We are searching data for your request:
Upon completion, a link will appear to access the found materials.
Self-care: What to expect when
When your child was a baby, you did everything for her. You changed her diapers, wiped her face when she spat up, and burped her after meals. But as she gets older, she'll learn to do more things for herself, from pulling off her shirt to getting her own bowl of cereal.
This is the "I want to do it myself" age. Watching your child grow increasingly independent can be bittersweet, but learning to take care of herself is an important part of your child's personal and social development.
Undressing: While your child may already know how to undress himself, around now he's likely to go through several clothing changes a day (just because he can), and that's fine – 2-year-olds are notoriously messy anyway and often end up with their clothes streaked with food or finger paint. On the flip side, though, if your child resists changing her clothes when you want him to, consider giving up. This is the time to relax your expectations a bit.
Catching a sneeze: Your child can start to follow some basic rules of hygiene. An important one is sneezing into his elbow, as opposed to his hand or the air. Preschools teach this technique to keep children from spraying germs everywhere and passing along germs by touch. (And it's a good practice for adults, too.)
Brushing her teeth: Many 2-year-olds insist on brushing their teeth. Show her how and at age 3 she'll probably have enough dexterity to use the necessary circular movements as she brushes.
Let your child make a first pass, but follow up with a more thorough cleaning yourself. And make sure she uses only a pea-size drop of fluoride toothpaste. She's apt to swallow some instead of spitting it all out, and too much fluoride is not a good thing.
Your child won't be capable of adequate toothbrushing until much later, possibly not until age 6 or 7. It takes quite a bit of coordination for a child to hold a toothbrush and maneuver it around her mouth so she's really cleaning in there.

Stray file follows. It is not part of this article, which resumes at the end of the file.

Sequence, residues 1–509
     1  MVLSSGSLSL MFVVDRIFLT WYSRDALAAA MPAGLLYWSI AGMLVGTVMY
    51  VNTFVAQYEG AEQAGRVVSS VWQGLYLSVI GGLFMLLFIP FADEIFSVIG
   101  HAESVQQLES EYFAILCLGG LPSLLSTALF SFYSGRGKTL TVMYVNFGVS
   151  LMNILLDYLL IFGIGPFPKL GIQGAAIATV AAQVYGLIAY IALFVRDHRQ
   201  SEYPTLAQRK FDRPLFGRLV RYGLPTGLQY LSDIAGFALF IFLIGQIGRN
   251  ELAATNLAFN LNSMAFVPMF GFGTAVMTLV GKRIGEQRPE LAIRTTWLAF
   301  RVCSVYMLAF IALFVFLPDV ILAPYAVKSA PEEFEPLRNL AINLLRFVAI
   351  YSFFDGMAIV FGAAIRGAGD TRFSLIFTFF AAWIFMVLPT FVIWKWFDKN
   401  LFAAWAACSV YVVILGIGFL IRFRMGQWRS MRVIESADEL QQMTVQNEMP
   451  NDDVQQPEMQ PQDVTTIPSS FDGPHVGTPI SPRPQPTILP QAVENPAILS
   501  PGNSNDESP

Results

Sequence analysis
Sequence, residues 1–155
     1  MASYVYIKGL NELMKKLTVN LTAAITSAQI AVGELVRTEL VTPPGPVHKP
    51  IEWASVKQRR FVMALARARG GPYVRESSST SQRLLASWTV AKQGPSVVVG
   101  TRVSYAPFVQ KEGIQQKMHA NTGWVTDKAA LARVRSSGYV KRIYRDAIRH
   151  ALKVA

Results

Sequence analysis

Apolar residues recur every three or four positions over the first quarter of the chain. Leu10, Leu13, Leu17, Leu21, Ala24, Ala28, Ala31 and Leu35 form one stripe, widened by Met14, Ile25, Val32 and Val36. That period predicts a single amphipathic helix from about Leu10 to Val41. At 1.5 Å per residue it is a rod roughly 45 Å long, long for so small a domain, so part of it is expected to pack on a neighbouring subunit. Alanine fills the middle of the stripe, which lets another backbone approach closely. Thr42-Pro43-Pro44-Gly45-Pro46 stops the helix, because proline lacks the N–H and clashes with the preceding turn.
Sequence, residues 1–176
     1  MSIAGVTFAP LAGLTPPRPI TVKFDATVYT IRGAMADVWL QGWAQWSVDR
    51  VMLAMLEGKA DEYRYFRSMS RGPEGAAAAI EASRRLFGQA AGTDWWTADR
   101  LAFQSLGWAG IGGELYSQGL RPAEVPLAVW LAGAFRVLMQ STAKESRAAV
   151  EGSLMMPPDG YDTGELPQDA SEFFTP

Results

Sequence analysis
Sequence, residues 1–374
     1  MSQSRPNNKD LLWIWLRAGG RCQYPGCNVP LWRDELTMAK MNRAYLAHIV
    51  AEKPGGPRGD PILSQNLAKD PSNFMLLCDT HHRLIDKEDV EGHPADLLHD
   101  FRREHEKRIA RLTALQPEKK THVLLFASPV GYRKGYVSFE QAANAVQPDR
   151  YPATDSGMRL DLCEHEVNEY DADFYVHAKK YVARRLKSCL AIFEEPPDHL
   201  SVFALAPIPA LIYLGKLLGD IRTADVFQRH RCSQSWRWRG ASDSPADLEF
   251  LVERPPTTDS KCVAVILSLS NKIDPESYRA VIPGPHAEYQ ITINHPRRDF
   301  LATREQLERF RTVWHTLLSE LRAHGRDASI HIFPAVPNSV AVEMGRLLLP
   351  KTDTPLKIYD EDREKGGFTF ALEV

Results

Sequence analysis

But let her do her bit, even if it takes longer than you'd like. It makes her feel grown up and gets her into a good habit for life. If you find yourself rushed in the morning, you can let her take her time at night.
Using the toilet: Some children develop the physical and cognitive skills necessary to begin toilet training by around 18 to 24 months, while others aren't ready until age 3 or 4. Your child will let you know when it's time. For more, see Toilet Training in Three Easy Steps.
Preparing breakfast: Your 2-year-old may not be capable of fetching a bowl, filling it with cereal, and pouring on the milk all by himself, and you may not be capable of watching him try. But you can break down these tasks and let him do as much as possible.
For example, have him bring you a plastic bowl (from a low cabinet). After you've poured the cereal, let him pour the milk from a measuring cup. You can also encourage your child's independence by putting healthy snacks within reach so he can get them on his own. He may drop some on the floor, but applaud his efforts anyway.
What you can do
Encouragement is key. Whenever your child tries her hand at a new skill, tell her you're proud she tried (regardless of the result) and urge her to try again.
Don't always jump in to help. Let her ask for help before you give it – it's essential that she have enough time to master tasks on her own, at her own pace.
Try not to pressure her before she's ready, either. And be flexible: If allowing her to prepare her own breakfast means you'll have to sweep cereal off the floor, go with the flow.
What to watch out for
Children develop skills differently, some more quickly than others. But if your child hasn't shown interest in doing anything for himself by the time he's 2, if he seems incapable of handling the most basic tasks such as feeding himself with utensils, or if he loses skills he once had, talk to his doctor.
Advances in self-care skills come fast and furious during the preschool years. Most kids have mastered the basics of self-care – dressing, washing their hands, feeding themselves, and going to the bathroom (but not necessarily wiping!) – by their fourth birthday. As the months and years roll by, your child will get better and better at meeting her own needs.
You'll blink, a few years will go by, and she'll be able to tie her shoes and shower or bathe by herself. Then it's just a matter of time until she can do laundry and cook dinner, not to mention drive herself to soccer practice. By then you'll be wishing she'd let you baby her once in a while, but her refusal to give up her autonomy will be a testament to your success in teaching her to care for herself.